Such a method for source separation is carried out under the so-called "blind separation" tagline.
There are two major types of this method. The method is performed on the one hand using
statistical methods such as independent component analysis, principal component analysis,
maximum a posteriori probability method, maximum likelihood method and the like. On the other
hand, it is also known to use recursive optimization methods. The known method then allows any
source signal to be calculated at a high computational cost from a smaller number of output
signals, or more or the same number of source signals for real time calculation. Requires an
output signal.
The object of the present invention is therefore to develop a method having the features of the
preamble of claim 1 and to enable source separation in real time even with a smaller number of
output signals than the number of source signals. .
This task is solved by the features of claim 1.
Advantageous developments of the invention are given by the subclaims.
The core of the present invention is that a subtraction signal is calculated from the output signal,
the subtraction signal is Fourier-transformed, and an individual signal is calculated in the
converted signal obtained in this way. This eliminates the need for statistical methods and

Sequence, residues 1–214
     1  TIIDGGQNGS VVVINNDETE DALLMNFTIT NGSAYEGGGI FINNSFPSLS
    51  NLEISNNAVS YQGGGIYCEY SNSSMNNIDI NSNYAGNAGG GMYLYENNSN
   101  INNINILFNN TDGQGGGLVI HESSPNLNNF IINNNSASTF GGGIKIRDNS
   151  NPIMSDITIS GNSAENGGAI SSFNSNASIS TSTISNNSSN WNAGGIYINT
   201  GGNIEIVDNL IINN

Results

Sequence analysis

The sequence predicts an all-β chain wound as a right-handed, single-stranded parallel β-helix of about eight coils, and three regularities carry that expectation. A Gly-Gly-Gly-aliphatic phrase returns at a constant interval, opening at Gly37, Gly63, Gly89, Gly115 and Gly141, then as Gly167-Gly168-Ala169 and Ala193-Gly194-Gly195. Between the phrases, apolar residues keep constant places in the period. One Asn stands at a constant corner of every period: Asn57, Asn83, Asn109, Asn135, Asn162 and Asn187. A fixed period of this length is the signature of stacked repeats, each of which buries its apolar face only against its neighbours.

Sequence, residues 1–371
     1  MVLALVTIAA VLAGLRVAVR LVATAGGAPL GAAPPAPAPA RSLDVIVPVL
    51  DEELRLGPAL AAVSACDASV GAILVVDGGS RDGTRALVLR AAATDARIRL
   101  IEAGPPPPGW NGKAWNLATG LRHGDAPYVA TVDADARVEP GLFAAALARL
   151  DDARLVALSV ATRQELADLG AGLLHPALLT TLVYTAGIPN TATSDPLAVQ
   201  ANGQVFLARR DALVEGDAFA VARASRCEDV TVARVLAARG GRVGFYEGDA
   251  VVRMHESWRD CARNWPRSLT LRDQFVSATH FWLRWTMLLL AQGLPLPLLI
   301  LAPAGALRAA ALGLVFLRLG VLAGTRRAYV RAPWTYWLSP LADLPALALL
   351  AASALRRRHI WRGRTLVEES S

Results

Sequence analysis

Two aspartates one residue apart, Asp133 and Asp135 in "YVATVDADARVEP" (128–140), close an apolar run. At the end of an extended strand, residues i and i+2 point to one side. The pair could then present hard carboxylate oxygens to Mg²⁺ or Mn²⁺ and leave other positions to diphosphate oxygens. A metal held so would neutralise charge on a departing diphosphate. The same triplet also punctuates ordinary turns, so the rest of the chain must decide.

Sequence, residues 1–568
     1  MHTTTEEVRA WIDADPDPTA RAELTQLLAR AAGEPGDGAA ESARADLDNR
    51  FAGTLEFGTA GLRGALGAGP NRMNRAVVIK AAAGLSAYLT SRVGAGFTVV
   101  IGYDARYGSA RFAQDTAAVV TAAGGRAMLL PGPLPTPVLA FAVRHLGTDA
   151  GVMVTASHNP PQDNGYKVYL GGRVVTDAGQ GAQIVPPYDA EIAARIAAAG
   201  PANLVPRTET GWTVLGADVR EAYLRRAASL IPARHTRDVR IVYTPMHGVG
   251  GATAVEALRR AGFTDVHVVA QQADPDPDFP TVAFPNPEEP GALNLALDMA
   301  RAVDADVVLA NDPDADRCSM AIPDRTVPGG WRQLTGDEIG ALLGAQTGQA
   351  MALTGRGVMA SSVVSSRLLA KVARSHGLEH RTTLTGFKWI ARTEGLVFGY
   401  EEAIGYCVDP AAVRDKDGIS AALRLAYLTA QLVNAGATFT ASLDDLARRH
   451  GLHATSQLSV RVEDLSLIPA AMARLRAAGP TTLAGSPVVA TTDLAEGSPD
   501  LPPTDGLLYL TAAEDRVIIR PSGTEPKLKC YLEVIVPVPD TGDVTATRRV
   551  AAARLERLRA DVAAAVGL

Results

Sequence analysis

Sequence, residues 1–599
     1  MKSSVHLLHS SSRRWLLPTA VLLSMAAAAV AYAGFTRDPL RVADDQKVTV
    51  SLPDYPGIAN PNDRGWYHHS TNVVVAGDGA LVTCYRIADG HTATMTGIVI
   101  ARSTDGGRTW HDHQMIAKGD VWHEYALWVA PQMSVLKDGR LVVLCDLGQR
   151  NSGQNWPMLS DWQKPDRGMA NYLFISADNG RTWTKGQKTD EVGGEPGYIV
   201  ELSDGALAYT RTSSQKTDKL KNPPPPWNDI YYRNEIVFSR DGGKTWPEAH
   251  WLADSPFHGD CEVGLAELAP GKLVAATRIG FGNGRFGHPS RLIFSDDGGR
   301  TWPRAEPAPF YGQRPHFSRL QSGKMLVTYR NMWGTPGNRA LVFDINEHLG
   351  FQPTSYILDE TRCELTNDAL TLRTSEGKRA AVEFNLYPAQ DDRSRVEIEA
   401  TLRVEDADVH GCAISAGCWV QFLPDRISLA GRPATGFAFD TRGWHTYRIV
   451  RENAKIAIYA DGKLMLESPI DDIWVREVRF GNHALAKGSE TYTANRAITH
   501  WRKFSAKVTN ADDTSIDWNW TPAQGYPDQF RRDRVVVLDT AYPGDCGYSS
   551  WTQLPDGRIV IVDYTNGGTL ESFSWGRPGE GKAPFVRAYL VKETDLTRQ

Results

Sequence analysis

recursion and achieves the calculation of the individual signals in real time. Here, real-time
means that the signal to be reproduced can be provided without interruption while the incoming
data stream (Datenstrom) has a critical time offset that occurs when calculating the first block of
the signal It means that. Thus, for example, from a recording, a particular singing voice and, for
example, a piano can be extracted and assigned to a particular speaker at a mixing ratio to be
selected, such that the output signal does not have to be preprocessed. . Thus, for example, you
should be able to set a CD in a car, determine the distribution of the song and possibly the signal
to be extracted and the signal itself to be extracted, and start playing the song or CD without
noticing the delay. is there.
The mixing ratio of the source signal on the output signal can be calculated by specifying the
direction. To that end, the output signal is Fourier transformed and an amplitude value is
calculated. These amplitude values are summarized in one histogram. To that end, point pairs are
created from the Fourier transformed output signal, where point pairs in the histogram can be